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Lean Project Management

Assessment of project risk management processes

Written by N. Alcaraz Bosca

Paper category

Master Thesis


Business Administration>Management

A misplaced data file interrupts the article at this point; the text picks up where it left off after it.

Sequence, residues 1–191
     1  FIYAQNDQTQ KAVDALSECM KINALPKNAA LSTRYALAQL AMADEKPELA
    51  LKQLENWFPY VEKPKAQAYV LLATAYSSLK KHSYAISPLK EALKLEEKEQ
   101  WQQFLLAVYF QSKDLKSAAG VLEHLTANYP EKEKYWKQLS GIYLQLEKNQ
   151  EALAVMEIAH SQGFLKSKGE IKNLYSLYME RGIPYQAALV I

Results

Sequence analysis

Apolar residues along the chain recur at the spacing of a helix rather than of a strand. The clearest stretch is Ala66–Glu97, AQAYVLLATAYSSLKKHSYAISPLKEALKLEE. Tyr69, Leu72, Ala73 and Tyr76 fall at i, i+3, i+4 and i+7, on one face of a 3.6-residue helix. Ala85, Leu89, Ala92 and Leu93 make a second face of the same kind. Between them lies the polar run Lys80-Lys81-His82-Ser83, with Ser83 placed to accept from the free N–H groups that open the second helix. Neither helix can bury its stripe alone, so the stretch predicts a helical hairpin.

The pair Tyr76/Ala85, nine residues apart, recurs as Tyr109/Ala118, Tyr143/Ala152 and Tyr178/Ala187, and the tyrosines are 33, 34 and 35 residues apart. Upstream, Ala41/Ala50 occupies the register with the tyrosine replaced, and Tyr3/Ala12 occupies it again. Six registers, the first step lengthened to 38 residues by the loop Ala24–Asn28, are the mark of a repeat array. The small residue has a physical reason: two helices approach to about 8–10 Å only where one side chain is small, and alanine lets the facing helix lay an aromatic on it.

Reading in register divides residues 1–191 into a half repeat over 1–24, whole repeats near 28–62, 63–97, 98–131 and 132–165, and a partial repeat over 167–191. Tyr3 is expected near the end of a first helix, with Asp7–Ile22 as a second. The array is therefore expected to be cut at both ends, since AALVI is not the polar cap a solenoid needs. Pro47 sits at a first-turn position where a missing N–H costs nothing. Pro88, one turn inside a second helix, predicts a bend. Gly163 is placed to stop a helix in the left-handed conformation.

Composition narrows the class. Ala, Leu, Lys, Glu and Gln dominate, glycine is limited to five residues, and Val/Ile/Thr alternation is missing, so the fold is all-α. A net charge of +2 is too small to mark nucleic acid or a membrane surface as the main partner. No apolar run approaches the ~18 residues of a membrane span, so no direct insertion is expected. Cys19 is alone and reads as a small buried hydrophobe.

Master Thesis: Lean Project Management Projects are regarded as temporary production systems. These systems are regarded as "lean" projects when they are organized to maximize value and minimize waste. There are many differences between traditional projects and lean projects. The main differences between these two systems are their goals, the organization of the phases, the relationships between the phases, and the participants in each phase. (Ballard and Howell, 2003) Lean project management constitutes another perspective of traditional production, in which production is more important than design, and projects are regarded as a secondary production method. From a new perspective, production and design are considered to be an important part of production. In order to design and make things for the first time, there must be a project. Therefore, the project constitutes the basic form of the production system. (Ballard and Howell, 2003) Although lean project management has not been widely used, there are some examples of how this approach can be successfully implemented. In a recent study conducted at BBC Worldwide, Middleton and Joyce (2012) explained how to apply lean principles to software project management to improve software performance and thereby improve project results. This approach uses tools such as visual management, team-based problem solving, smaller batch sizes, and statistical process control to enhance software development. In addition, the delivery of projects focused on creating value for customers enables them to reduce technical and market risks. 3.1 The need to redefine project management The critical chain project management technology and traditional methods explained in the previous section, PERT and CPM, are forms of project management integrated in the knowledge system of the Project Management Institute (PMI). As cited by Howell and Koskela (2000), PMI defines project management as “applying knowledge, skills, tools, and techniques to project activities to meet or exceed the needs and expectations of project stakeholders. To meet or exceed the needs of stakeholders And expectations always involve balancing competing demands in the following aspects:-scope, time, cost, and quality-stakeholders with different needs and expectations-determined needs and expectations." At the same time, according to Packendorff (1995), a project is defined as "A set of related tasks that define a start and end date. They use some limited resources to achieve a specific purpose. In addition, it is considered a unique, once-in-a-lifetime task with a scheduled delivery date, subject to one or Multiple performance goals, composed of many independent activities". 3.2 The new theoretical basis of project management As mentioned earlier, imperfect assumptions and theoretical imperfections of project management are the main reasons for project failure. The main theoretical issues are related to the understanding of the project and the understanding of management. According to PMBOK, a project has two different processes; a product-oriented process (project theory) and a project management process (management theory). Although there is no clear theory, it can be divided into the aforementioned project theory and management theory to show the essential foundation of project management. These theories are shown in Table 1. (Koskela and Howell, 2001; 2002a; b) Regarding project theory, it is said that project management involves managing work by breaking it down into smaller activities or tasks, as it is called in PMBOK. These activities or tasks are independent, they constitute the analysis unit of the project management process, such as scope, time and cost management. In addition, the dependencies between tasks are simple and sequential. To ensure that activities meet schedule and budget goals, management and control are centralized. In this theory, the uncertainty of tasks and requirements is considered low. (Koskela and Howell, 2002a; b) Comparing this project management theory with the production management theory, it can be seen that the former's theory lies in the transformation theory. During most of the 20th century, the production transformation model has been used in manufacturing. In this model, a project is considered as a transformation from input to output, and managed through different principles, which indicates that the overall transformation of a project can be broken down into sub-transformations or smaller transformations and tasks. At the same time, these principles show that optimizing each task individually can optimize project results. Therefore, improving tasks can improve project performance. (Howelland Koskela, 2000) However, some authors claim that the project theory with shifted views should be strengthened and new theories need to be introduced because there are two main problems with this theory. On the one hand, it does not recognize that there are other activities in production besides transformation; on the other hand, it does not recognize that transformation does not confer product value, but that the customer’s needs are consistent with the value of the product. In addition, production theory is older than project management. Read Less